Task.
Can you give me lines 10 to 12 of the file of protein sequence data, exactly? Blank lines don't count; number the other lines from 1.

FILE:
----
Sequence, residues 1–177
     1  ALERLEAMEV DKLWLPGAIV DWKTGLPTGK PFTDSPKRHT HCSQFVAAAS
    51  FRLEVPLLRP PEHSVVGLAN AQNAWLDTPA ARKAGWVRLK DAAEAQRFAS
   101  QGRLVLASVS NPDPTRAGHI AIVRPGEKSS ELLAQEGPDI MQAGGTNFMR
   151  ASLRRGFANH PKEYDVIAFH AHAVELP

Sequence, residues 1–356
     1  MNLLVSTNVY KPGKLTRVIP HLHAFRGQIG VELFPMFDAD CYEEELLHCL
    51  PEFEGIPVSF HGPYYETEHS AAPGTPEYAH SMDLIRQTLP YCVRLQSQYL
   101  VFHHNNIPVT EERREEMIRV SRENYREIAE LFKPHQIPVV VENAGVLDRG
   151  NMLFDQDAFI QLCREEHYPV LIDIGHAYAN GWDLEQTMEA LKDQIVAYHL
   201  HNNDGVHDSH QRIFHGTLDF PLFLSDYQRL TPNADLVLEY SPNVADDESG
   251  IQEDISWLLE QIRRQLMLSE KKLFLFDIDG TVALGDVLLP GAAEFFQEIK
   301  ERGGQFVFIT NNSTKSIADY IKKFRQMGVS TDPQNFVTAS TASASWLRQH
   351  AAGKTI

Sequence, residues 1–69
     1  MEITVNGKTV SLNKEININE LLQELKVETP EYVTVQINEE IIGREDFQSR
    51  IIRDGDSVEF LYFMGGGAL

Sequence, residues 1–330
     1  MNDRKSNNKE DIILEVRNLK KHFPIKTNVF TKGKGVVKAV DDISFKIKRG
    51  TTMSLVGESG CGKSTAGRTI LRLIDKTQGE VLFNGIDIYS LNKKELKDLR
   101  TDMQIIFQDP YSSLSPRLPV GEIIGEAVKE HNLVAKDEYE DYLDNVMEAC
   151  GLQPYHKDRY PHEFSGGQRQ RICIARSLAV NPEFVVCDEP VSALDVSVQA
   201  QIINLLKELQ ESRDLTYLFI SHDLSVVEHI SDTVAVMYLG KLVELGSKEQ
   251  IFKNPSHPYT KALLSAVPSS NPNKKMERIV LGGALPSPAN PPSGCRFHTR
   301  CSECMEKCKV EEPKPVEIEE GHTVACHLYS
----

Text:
   151  NMLFDQDAFI QLCREEHYPV LIDIGHAYAN GWDLEQTMEA LKDQIVAYHL
   201  HNNDGVHDSH QRIFHGTLDF PLFLSDYQRL TPNADLVLEY SPNVADDESG
   251  IQEDISWLLE QIRRQLMLSE KKLFLFDIDG TVALGDVLLP GAAEFFQEIK